“See Utah ... and die!”

    The presence of reliable genre stalwart R.G. Armstrong (Race With The Devil, The Beast Within, Evilspeak and even Predator under his belt) guarantees some grizzled venom to spike up the dialogue. Playing a gruff, hard-drinking, wife-beating racist redneck, Armstrong establishes his powerful screen persona in a terrific early scene that sees him threatening to shove a doomed hitchhiker's French Horn so far up a certain orifice that he'll be “farting music for a year!” That he comes to play a pivotal role in the unfolding drama only makes the film stronger. Witness the frenzied ranting contest between himself and Wade after another road slaying has struck much closer to home – the two really go for it with spittle flying - and check out the lusty grin that transforms his face when he realises that the cops might actually come to depend upon him. “Sit um down,” commands Chas (Henry O’Brian), the Native American cop that he was racially abusing, but it is Amos who has the upper hand in this increasingly bleak situation. Elsewhere, we have Paul Verhoeven regular Ronny Cox as recovering alcoholic cop Luke. With all the events taking place around Santa Ynez lately, the old line from Airplane rings true - “I guess I picked the wrong week to quit drinking!” Quite understated in this, Cox, nevertheless, is the one that seems to suss out the real identity of the Car's driver, and struggles to have the others believe him. This is a fine touch. The Car is clearly not of this world, yet Wade and most of the men refuse to entertain such terrifying thoughts. Yet another cool little touch is seeing Wade chance a desperate glance into the Bible just before finalising plans for the ensuing battle.

    Like a Western, the film focuses upon the efforts of the dwindling band of deputies to battle the big bad guy. And when compared to Amity’s similarly tasked Brody and Hendricks (and Polly, the aged secretary), they do start off with quite a large complement. Although Jaws and Grizzly upped the empathy we have with the authorities, actually going against the grain of many seventies horror films, The Car is at pains to foster the bond between these people with an even greater sense of camaraderie and a deeper respect for their elder statesmen – Everett, obviously, but we also see Wade look a couple of times at the picture of his father, who patrolled the same county before him. Although there really isn’t a great deal of effort made to present much else of those residing in the hamlet, except for the marching parade shenanigans, a shell-shocked doctor grieving over the loss of his daughter, and the bullying antics of Amos, this does engender a feeling that something sacred is at stake. Silverstein wants us to feel each loss … and, to a degree, we do.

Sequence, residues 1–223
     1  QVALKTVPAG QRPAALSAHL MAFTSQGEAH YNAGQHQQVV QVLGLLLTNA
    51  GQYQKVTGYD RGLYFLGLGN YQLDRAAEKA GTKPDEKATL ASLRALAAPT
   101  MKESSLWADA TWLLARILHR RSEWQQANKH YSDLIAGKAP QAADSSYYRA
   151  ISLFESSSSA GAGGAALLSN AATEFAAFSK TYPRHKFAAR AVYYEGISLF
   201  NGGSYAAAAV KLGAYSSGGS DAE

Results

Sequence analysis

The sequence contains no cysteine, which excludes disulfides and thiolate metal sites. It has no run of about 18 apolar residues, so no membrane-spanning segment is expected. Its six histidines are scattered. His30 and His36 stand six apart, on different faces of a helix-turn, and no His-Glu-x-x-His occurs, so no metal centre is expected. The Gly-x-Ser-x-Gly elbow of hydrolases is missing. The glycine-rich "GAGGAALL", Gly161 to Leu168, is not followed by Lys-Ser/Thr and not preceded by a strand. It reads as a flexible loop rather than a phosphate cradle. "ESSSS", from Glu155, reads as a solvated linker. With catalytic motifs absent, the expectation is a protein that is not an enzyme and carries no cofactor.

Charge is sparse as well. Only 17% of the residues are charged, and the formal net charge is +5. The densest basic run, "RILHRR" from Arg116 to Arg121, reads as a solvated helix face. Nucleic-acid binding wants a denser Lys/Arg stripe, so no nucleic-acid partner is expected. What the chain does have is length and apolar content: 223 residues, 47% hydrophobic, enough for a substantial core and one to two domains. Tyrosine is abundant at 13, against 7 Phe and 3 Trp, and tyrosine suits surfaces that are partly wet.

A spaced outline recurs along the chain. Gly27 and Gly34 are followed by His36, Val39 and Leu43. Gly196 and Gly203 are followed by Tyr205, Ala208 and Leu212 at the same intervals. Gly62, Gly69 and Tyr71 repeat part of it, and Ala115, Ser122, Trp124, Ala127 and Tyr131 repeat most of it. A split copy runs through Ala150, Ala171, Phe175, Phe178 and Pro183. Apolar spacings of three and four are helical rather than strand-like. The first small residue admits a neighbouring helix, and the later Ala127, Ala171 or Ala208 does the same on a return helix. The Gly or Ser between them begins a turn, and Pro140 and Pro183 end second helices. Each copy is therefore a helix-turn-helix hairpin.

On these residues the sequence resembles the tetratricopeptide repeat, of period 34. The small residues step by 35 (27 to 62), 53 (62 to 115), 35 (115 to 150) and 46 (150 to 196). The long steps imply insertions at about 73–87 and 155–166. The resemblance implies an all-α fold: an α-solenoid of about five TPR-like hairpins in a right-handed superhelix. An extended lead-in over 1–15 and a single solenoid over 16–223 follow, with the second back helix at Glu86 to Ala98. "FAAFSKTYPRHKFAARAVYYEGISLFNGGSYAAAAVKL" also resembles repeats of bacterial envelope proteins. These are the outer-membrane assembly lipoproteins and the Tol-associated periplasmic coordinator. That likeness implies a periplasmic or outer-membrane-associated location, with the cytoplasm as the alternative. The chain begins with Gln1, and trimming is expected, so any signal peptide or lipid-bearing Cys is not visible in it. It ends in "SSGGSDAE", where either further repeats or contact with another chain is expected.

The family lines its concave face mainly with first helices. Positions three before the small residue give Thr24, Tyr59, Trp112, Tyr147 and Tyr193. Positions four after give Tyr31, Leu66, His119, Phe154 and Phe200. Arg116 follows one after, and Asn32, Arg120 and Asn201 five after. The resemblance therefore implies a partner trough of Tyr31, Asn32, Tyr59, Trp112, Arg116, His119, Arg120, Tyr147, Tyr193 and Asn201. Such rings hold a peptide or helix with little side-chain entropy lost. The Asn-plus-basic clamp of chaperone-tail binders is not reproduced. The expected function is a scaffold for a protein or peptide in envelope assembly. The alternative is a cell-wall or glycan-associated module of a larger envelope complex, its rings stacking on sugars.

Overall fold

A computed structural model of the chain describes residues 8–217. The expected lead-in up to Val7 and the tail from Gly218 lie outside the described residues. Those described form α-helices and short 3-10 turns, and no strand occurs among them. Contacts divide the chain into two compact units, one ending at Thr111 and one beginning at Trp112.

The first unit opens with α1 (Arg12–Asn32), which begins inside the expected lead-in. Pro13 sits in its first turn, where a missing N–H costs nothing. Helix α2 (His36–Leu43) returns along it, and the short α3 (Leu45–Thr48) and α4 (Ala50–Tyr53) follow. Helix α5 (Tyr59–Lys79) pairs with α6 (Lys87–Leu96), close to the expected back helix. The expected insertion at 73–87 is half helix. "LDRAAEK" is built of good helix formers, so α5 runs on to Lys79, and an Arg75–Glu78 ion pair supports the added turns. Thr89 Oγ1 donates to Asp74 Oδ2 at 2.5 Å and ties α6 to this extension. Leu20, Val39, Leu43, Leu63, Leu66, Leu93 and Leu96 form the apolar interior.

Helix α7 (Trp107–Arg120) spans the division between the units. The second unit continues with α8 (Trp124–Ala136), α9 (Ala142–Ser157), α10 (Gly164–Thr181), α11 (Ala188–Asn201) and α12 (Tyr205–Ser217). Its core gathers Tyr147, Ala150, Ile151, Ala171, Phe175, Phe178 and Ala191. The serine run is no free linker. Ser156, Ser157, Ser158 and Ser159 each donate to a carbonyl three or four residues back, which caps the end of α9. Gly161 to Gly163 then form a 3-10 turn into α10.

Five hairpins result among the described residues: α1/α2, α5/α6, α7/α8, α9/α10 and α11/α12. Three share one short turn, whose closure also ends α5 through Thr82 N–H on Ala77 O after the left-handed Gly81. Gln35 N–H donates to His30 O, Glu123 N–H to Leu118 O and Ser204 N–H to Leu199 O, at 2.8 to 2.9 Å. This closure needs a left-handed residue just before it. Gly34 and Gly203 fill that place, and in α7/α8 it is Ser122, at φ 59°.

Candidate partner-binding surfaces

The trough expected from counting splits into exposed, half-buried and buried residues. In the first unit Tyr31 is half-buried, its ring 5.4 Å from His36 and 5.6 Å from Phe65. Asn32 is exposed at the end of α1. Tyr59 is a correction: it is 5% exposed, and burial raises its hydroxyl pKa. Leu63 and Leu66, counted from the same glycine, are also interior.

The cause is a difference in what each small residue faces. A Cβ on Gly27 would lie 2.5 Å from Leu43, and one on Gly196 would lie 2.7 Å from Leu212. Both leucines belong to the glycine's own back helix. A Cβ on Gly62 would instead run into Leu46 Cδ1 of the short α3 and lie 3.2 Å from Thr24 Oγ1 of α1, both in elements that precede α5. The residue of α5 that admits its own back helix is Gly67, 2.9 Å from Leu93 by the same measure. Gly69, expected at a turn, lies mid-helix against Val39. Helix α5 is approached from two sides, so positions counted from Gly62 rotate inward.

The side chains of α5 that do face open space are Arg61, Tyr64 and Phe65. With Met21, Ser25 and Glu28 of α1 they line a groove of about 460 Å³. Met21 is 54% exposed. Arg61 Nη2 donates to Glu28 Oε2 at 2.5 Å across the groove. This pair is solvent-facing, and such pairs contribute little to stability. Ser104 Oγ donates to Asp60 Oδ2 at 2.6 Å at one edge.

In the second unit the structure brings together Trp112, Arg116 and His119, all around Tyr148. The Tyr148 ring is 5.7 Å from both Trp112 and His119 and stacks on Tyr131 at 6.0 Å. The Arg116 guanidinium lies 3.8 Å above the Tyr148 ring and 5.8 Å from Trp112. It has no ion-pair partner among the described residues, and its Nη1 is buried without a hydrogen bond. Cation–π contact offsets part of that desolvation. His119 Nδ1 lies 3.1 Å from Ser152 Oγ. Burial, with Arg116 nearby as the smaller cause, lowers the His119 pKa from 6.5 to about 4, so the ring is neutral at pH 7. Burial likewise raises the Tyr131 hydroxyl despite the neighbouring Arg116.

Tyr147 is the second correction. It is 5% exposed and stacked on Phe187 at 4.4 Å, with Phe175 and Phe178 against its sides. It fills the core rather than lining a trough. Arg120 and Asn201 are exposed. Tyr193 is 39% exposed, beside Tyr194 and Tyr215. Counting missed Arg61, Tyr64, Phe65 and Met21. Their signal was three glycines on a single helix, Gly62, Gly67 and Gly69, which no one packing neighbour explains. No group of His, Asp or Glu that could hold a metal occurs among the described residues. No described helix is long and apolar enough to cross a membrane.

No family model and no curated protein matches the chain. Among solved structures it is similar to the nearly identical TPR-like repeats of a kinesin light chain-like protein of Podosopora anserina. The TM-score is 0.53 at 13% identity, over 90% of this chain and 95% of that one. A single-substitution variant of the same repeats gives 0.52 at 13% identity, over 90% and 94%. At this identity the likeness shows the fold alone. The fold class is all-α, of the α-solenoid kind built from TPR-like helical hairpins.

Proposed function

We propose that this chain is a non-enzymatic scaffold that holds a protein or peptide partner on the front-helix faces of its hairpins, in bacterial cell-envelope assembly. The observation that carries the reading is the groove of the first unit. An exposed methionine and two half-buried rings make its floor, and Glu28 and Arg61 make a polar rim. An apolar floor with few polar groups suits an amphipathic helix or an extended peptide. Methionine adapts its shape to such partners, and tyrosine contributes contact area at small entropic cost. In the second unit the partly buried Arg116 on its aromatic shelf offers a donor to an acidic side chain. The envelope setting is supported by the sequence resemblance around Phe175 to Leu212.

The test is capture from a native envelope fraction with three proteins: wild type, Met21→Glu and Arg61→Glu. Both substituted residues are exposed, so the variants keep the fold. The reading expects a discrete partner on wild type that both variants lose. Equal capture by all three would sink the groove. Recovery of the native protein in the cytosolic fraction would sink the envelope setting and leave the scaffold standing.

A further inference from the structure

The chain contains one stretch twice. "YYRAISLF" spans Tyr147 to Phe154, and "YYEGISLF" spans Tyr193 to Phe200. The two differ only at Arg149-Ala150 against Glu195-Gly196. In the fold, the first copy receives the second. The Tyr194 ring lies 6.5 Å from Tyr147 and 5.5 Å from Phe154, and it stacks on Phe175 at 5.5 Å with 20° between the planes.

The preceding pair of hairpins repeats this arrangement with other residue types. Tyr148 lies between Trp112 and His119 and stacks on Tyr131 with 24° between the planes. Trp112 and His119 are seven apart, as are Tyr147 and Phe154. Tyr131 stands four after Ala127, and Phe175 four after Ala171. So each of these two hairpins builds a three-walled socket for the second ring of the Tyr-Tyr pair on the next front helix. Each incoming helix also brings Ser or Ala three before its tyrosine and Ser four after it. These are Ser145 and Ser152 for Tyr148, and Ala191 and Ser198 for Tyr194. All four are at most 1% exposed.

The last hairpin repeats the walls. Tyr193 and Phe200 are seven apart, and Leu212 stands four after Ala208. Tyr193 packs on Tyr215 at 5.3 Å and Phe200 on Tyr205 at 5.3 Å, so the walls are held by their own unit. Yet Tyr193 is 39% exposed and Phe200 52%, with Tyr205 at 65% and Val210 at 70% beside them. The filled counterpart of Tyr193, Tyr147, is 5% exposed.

“Oh, Wade ... I think I can hear the engine of that damn car. Wade, I'm so sacred ...”


    In the wake of Jaws, Hollywood was tripping over itself to fill cinema screens with eco-thrillers about nature wreaking revenge upon environment-polluting humans – Frogs, Squirm, Grizzly, Piranha, Prophecy et al – so The Car is actually quite a refreshing slant on the theme. Although hardly overt, there is a way of looking at this film as being a statement against the greed of the big car companies and the effect of the gas guzzling excesses that modern society has upon the environment. As such, the nature of the beast becomes a metaphor for the destruction of small towns by the faceless, all-consuming corporations.
    Silverstein had previously helmed the knockabout Western Cat Ballou, with Lee Marvin, and the more dramatic frontiers-piece A Man Called Horse, with Richard Harris. His direction here is workmanlike for some of the time, characteristic of an era when genre fodder was uncomplicated and mostly of a straight A to B format. He maintains that he was merely a hired-hand on the production.

    However, there are many inspired moments that raise the game and set the pulse pounding. The afore-mentioned action scenes are terrifically exciting - as is Wade's screeching motorbike halt directly in front of the Car, the pure menace of the auto-beast spinning and hooting and revving in frustration when it can't enter the graveyard and the balls-out, do-or-die apocalyptic finale - but he reveals a great flair for the surreal, too. There's a wonderfully eerie shot of the Car prowling over the rocks and sand-dunes just before embarking upon another killing spree where it resembles some huge satanic scorpion. And the sequence when the hellish wind that seems to accompany the Car picks up and, all alone, Lauren makes a frantic call to Wade ... the encroaching danger seen through the window behind her is gloriously thrilling.